Just Culture

Overview of Issue

A just culture is essential to building a culture of safety. Leaders must ensure a consistent, fair, and just process for assessing accountability and dealing with healthcare providers involved in adverse events. This requires an understanding of human error theory, systems thinking, and complex adaptive systems. Several leadership models incorporating these concepts have been developed to guide the assessment of actions by healthcare providers.

Key Points

  • Ensuring a consistent, fair, and just process for assessing accountability and dealing with healthcare providers involved in adverse events is key to building a safety culture.


Things to Consider


What is a Just Culture?

  • A just culture recognizes that individual healthcare providers should not be held accountable for system failings over which they have no control.
  • A just culture recognizes many individual or “active” errors represent predictable interactions between human operators and the systems in which they work. However, in contrast to a culture that touts “no blame” as its governing principle, a just culture does not tolerate conscious disregard of clear risks to patients or gross misconduct (e.g., falsifying a record, performing professional duties while intoxicated).

National Health Service Incident Decision Tree

  • The National Health Service’s Incident Decision Tree, modeled after Reason’s “culpability tree” was developed to help leaders move away from asking ‘Who was to blame?’ to asking ‘Why did the individual act in this way?’. It is comprised of four sequential tests and structured questions about staff actions, motives, and behaviour at the time of the incident. Recommended options are provided for each stage. The further along the sequence, the more likely the underlying cause will be found to be a systems failure. The four tests include:
  1. Deliberate – Were the individual’s actions intended? Was the outcome intended? If harm was intended, immediate suspension, referral to the police and/or relevant disciplinary/regulatory authorities would be indicated.
  2. Incapacity – Was the staff member aware of their condition at the time (e.g. ill health or substance abuse)? Did they realize the implications of their condition? Did they take proper safeguards to protect patients?
  3. Foresight – Was there an agreed protocol/ practice? Was it workable and in routine use? Was it ignored? If it was ignored, other contextual factors would be assessed including information availability and urgency of the situation.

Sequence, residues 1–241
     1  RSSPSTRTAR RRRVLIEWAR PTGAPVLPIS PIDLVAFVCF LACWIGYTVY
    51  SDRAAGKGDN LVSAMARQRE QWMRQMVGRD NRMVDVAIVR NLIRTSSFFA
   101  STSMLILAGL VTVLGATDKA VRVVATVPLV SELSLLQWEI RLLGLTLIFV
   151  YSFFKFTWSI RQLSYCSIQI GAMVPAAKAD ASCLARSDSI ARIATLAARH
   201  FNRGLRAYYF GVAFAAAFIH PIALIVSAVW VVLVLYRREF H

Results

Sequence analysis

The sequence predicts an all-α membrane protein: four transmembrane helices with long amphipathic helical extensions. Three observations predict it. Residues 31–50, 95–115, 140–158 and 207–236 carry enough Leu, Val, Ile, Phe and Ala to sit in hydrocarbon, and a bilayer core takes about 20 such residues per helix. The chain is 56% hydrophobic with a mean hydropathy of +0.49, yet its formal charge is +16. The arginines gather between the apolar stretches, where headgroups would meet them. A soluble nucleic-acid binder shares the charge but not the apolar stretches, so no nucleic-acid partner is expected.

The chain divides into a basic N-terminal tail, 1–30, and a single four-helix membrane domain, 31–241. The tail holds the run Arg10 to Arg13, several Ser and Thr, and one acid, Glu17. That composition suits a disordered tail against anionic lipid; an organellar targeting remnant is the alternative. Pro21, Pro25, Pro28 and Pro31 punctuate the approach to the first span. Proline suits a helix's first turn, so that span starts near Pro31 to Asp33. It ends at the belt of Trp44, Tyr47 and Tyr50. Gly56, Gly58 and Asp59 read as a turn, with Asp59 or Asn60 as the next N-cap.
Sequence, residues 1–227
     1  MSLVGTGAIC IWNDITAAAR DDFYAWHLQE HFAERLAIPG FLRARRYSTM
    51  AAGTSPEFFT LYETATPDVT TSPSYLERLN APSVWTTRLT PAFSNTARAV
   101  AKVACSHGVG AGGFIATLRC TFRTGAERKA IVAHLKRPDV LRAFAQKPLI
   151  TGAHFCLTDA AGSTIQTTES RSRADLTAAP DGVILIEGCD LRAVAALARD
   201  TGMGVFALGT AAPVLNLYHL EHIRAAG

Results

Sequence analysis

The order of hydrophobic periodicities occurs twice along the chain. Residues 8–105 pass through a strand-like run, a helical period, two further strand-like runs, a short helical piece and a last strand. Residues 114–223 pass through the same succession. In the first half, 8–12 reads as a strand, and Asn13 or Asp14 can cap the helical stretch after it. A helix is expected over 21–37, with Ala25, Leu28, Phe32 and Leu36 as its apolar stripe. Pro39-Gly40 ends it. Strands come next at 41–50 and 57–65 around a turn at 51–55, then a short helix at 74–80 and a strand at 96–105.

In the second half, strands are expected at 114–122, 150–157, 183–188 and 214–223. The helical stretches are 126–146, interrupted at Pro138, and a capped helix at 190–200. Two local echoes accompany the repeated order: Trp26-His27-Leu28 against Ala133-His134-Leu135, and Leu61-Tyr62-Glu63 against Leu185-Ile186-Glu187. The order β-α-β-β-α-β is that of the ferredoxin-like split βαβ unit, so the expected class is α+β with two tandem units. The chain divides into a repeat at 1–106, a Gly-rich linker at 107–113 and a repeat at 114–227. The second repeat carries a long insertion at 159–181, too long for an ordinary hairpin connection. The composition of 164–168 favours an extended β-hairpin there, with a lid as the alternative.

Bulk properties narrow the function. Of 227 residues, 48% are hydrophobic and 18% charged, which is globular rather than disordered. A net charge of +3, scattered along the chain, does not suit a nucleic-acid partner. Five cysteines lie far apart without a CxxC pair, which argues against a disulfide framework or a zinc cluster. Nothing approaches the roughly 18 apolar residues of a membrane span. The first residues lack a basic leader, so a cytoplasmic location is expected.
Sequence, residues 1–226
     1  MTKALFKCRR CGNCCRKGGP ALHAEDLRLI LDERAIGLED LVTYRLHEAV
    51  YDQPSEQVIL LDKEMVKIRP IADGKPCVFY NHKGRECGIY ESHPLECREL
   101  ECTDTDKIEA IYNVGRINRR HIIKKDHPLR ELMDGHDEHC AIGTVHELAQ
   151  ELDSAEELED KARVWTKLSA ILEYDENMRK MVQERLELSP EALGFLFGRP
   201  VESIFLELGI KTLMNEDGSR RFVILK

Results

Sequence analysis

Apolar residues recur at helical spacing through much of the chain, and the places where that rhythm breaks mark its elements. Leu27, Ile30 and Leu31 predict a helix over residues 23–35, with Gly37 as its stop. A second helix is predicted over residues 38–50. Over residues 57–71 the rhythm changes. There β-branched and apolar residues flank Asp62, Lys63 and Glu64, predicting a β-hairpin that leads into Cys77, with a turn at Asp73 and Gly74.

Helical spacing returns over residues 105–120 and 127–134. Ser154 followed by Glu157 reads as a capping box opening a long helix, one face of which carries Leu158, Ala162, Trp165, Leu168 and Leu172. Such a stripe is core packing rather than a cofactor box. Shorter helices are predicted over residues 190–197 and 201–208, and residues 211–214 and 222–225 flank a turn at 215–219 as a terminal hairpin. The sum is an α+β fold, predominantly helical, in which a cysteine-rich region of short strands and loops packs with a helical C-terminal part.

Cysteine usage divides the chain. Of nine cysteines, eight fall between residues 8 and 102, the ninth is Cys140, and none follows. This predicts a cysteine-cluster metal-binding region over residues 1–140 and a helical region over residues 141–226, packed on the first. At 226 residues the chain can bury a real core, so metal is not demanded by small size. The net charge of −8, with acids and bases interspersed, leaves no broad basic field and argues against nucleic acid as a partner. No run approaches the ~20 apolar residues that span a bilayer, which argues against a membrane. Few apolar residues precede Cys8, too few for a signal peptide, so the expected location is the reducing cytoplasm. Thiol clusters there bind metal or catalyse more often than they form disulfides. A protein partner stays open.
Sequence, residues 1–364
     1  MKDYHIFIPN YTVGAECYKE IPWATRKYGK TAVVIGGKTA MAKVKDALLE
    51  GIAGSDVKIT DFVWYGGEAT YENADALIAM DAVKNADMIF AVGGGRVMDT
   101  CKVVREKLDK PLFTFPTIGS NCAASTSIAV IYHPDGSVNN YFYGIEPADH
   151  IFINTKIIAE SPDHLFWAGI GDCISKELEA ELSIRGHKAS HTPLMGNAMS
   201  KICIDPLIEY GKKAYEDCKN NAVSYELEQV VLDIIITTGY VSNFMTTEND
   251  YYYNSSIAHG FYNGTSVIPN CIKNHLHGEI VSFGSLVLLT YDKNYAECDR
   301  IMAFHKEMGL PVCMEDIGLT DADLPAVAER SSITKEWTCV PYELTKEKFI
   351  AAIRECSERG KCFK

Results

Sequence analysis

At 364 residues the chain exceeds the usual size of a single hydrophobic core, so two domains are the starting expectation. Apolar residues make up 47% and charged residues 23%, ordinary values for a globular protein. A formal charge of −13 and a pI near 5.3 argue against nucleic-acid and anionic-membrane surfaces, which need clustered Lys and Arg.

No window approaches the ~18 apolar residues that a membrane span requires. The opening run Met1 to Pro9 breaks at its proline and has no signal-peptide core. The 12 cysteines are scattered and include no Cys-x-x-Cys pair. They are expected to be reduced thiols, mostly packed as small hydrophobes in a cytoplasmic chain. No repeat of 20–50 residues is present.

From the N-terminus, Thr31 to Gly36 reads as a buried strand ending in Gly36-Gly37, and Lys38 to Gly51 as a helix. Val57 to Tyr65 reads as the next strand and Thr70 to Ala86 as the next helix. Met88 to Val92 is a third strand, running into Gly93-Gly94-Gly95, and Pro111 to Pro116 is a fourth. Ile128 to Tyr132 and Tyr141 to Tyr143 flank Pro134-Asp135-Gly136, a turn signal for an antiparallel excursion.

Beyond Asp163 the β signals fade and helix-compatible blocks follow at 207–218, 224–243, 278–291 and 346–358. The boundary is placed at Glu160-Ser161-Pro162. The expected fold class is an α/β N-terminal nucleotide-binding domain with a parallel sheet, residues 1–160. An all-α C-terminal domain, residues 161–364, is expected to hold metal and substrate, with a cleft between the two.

4. Substitution – How would a peer have acted in a similar situation? Deficiencies in training, experience, or supervision would also be explored.
  • To provide further clarity in especially egregious situations, healthcare leaders would be required to refer any of the following incidents to the appropriate authorities:
    • Events thought to be the result of a criminal act;
    • Purposefully unsafe or malicious acts intending to cause harm;
    • Acts related to substance abuse;
    • Events involving suspected patient abuse of any kind.
  • It should be noted that the model was not intended for use in determining “negligence”, a complex legal determination.

Marx’s Just Culture Framework

  • In Marx’s “Just Culture” framework, a leader’s response is dictated by the type of behaviour exhibited by the healthcare provider as per below:
    • Human Error – An inadvertent action, slip, lapse, mistake. Response is empathy and support.
    • At-risk Behaviour – Rationalizing and taking shortcuts that lead to increased patient risk. Response is coaching, mentoring, systems redesign.
    • Reckless Behaviour – Intentionally putting patients in harm’s way. Response is punishment.


  • While recognizing that “most errors are committed by good, hardworking people trying to do the right thing” (p.1401), Wachter & Pronovost (2009) also support the concept of proportional and just discipline for certain types of actions, whether or not they lead to harm. “Once a reasonable safety rule is implemented and vetted (since some rules create unanticipated consequences or work-arounds and need to be reworked after initial implementation), failure to adhere leaves the world of “no blame” and enters the domain of accountability” (p.1402).